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Shark "Photo of the Year" Is E-Mail Hoax

Stentor Danielson and David Braun
National Geographic News
Updated March 8, 2005
 
Read an interview with the photographer whose
shark photo was used in this hoax, and see his more of his shark images: target="_new">Photos and interview >>


A photograph that has been circulating on the internet showing a shark leaping out of the water to attack a helicopter, is a fake. The composite image, which claims to be National Geographic's "Photo of the Year," was spliced together from a U.S. Air Force photo taken near San Francisco's Golden Gate Bridge and a photo of a shark from South Africa.

The photo of a breaching great white shark was taken by South African photographer Charles Maxwell [see the link to his Web site at the bottom of this page]. The Air Force photo of an HH-60G Pave Hawk helicopter was taken by Lance Cheung. They were spliced together by an unknown person, and reportedly began making the rounds on e-mail in August 2001.

"I'd like to make contact with the person who did this—not to get him or her into trouble, but because it's a lot of fun and it is a good job," Maxwell said. "However, I must make clear that I would not like to see this happen to one of my photographs again. It is wrong to take images from a Web site without permission." Maxwell said he has sold quite a few photographs as a result of the attention the hoax has drawn to his work.

The e-mail containing the hoax photo says:

AND YOU THINK YOUR [sic] HAVING A BAD DAY AT WORK !!

Although this looks like a picture taken from a Hollywood movie, it is in fact a real photo, taken near the South African coast during a military exercise by the British Navy.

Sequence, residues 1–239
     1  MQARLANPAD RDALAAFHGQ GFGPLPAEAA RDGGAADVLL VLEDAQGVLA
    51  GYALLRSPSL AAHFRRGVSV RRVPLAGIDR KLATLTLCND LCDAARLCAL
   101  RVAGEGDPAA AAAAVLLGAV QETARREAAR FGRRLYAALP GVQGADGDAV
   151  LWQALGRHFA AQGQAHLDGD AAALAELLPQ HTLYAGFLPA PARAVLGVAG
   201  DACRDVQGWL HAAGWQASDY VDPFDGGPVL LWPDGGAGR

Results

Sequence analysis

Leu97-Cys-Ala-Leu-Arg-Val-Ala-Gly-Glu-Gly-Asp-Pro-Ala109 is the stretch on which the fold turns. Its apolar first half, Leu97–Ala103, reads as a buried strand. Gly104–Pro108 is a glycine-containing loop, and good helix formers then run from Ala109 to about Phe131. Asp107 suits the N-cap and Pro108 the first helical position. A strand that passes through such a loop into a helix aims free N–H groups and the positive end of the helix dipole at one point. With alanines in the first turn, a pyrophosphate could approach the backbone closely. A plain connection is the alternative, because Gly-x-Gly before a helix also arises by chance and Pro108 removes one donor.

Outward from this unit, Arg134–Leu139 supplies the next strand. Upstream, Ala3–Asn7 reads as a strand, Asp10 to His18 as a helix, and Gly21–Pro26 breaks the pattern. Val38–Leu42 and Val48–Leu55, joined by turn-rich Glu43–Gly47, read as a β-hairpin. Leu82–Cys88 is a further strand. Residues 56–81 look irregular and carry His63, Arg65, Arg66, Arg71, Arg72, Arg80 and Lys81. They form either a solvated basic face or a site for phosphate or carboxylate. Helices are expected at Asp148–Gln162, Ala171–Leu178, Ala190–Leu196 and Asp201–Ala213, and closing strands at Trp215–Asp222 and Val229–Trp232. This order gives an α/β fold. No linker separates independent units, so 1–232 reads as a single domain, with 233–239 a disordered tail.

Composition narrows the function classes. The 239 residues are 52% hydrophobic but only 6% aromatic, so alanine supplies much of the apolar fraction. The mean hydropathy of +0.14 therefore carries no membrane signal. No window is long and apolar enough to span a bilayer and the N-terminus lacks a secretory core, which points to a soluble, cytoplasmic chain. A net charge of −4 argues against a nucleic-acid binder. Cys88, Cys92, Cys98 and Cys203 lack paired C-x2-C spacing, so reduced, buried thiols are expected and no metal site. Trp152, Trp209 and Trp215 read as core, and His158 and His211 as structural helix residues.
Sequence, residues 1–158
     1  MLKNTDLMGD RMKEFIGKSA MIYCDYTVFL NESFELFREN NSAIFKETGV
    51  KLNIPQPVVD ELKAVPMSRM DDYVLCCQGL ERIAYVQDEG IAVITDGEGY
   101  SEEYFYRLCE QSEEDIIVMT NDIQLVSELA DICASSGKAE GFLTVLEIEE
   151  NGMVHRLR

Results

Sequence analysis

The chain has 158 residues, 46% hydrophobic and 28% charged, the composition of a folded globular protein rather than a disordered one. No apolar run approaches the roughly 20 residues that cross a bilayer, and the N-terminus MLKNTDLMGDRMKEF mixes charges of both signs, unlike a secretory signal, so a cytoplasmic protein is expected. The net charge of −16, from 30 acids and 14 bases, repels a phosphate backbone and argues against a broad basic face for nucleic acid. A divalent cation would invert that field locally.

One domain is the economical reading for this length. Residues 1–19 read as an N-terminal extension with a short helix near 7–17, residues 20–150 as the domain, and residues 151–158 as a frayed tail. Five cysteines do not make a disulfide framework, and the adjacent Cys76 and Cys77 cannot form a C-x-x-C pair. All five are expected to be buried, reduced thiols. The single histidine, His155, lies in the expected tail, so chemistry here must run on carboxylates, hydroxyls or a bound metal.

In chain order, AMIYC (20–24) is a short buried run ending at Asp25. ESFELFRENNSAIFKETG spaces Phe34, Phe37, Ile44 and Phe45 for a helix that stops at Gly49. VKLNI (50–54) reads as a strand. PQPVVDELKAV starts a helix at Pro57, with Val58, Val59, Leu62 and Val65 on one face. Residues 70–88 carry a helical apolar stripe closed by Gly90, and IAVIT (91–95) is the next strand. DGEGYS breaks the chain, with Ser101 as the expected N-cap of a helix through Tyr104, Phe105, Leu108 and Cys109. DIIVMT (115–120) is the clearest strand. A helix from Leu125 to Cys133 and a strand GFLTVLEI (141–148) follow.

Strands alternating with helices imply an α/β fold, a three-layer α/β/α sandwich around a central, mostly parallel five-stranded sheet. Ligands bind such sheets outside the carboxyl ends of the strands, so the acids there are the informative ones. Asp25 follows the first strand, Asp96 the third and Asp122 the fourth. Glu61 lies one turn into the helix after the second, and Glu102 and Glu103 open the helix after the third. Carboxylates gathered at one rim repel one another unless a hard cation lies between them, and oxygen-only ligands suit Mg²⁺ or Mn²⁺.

It has been nominated by National Geographic as "THE photo of the year".



Other versions of the e-mail credit it to Geo, a German periodical similar to National Geographic magazine.

Nationalgeographic.com has received hundreds of visits each day due to this photo since the latest round of the e-mail began. These visitors can be identified by their searches for such strings as "photo of the year" and "shark helicopter." E-mail inboxes have also been deluged with inquires about the photo.

Sharks jump out of the water—a behavior known as "breaching"—when they hunt seals. The shark uses an explosive surprise attack to snatch the seal before it can swim away, resulting in the shark throwing itself into the air.

Maxwell took his photo at False Bay, South Africa. Though False Bay is perhaps the best place to see sharks feeding on seals, he said, it is difficult to get to. "Anyone wanting to hire a boat to see this amazing spectacle must work through the only registered white shark operators in False Bay, Chris Fallows and Rob Lawrence of African Shark Encounters."

Maxwell said that he "cheated a bit" to get the photo. Though he has seen as many as ten breaches in a single morning, it is difficult to predict where a shark will be seen. So he towed a seal decoy made of carpet behind his boat, in order to attract a breaching shark.

Maxwell has worked with National Geographic several times. He was a production facilitator for the April 2000 white sharks story in National Geographic magazine and the television documentary made that same year. Most recently, he assisted David Doubilet and Kennedy Warne on the South Africa story in the August 2002 issue of National Geographic magazine.

For real images of flying white shark images and information about tours to see these sharks in South Africa visit the Web site at http://www.apexpredators.com. To receive information about a video of sharks breaching write to undervid@iafrica.com.

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